There is something that we all have in common, from regular folk to elite athletes, we all have bad bums!
Regardless of if I am training a national-level athlete, or a chair-dwelling office worker, there is one area that ALWAYS needs work, this area is a group of muscles known as the posterior chain, and the most underdeveloped of these muscles are the gluteus muscles, or ‘Glutes’
“Why should we care about glutes?” I hear you say.
I’m glad you asked.
Not only is good glute development vital for avoiding PBS (Pancake Bum syndrome), but having well-developed gluteal muscles will also:
- Reduce/relieve chronic back pain in many people
- Reduce/relieve knee and ankle pain in many people
- Provide support to your hips and legs when moving around
- Boost your lower body strength
- Reduce shock on your knees/ankles/hips/lower back when jogging/running
- Increase speed/power/agility in all sports
Or perhaps all you care about is looking better in your undies; if that is the case, let me tell you that there is no other way to fill out a pair of bonds than by owning a good set of glutes.
Enough of the sales pitch, let’s get down to the nitty gritty.
The Glutes are composed of 3 main sections;
- The Gluteus Maximus (Glute Max): The big part. This is the engine room of all the muscles that extend the hip, it has (in theory) a very large cross-sectional area, and is capable of producing (again, in theory) a very large amount of force. I say ‘in theory’ because although the Glute Max should be very large and powerful, the sad reality is that the overwhelming majority of people that I see have a hard time switching their glutes on, let alone using them for any feats of strength or power.
- The Gluteus Medius (Glute Med): This part of the glute complex is somewhat smaller, but very important. It is primarily responsible for stabilising the hip during movement, namely to keep the pelvis level during walking.
- The Gluteus Minimus (Glute Min): The smallest section, the Glute Min works in concert with the Glute Med to assist in stabilising the hip
So now we know what’s what and why it’s important, how do we go about growing a bum?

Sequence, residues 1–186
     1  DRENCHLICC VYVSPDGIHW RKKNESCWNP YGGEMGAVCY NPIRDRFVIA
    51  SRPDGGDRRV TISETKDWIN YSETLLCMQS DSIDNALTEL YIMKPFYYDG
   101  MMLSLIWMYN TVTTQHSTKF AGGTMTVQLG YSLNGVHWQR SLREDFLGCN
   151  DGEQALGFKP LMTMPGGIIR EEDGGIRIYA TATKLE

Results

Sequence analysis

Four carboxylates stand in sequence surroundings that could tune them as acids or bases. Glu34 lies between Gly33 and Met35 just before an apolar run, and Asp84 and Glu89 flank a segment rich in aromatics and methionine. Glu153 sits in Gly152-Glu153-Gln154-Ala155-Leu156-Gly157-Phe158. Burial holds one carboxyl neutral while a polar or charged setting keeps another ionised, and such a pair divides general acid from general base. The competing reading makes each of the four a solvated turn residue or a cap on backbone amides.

The first issue we have to address is the fact that many people have a hard time getting their glutes to work, and there are a few reasons why.
- Gluteal de-activation: This is the biggest roadblock to achieving well developed glutes, and we all face it on a daily basis. Every time you sit down, you are contributing to deactivation; every hour of inactivity needs to be counteracted with some activity to break even. Luckily, the better you get at switching them on, and the more strength you build, the less time you need to invest to reach the break-even point.
- Lack of use in everyday life: Although this may seem similar to reason #1, it has more to do with day to day activation. Our everyday lives pose physical challenges to our muscles whether we are aware of it or not. Getting in and out of the car, opening doors, climbing stairs, carrying shopping/children, mowing the lawn. All these tasks call upon different groups of muscles to activate so we can seamlessly go about our daily business.
The issue with the glutes is that their function is to extend the hip; this is a vital part of the following actions:
And if we think about how many times per day we perform these actions, we see the issue.
Outside of a sporting environment, the glutes receive very little stimulus on a day to day basis, and if we couple that with the amount of gluteal de-activation we are facing, it’s a recipe for a very sleepy group of muscles.
So what should we do?
Beginning to incorporate basic hip extension exercises into our exercise routines will go a long way towards achieving a more active gluteal complex. The key here is frequency, the more often you can get your bum firing, the easier it will get and the faster you will progress.
Performing even simple bodyweight movements such as the all-fours hip extension, Glute Bridge, and Single leg balance reach, will be a great step toward having a more active, and better looking, set of glutes. These exercises are very basic, very low risk and very effective for activation.
All-fours hip extension
Single leg Balance reach
Double and single leg Glute Bridge
The importance of having a good amount of muscle tone in your glutes cannot be overstated; for good joint health, reduction in lower back/knee/ankle/hip pain, increased sporting performance, or just looking good with no pants on, do yourself a favour and include some direct glute work in your exercise routine.
Until next time…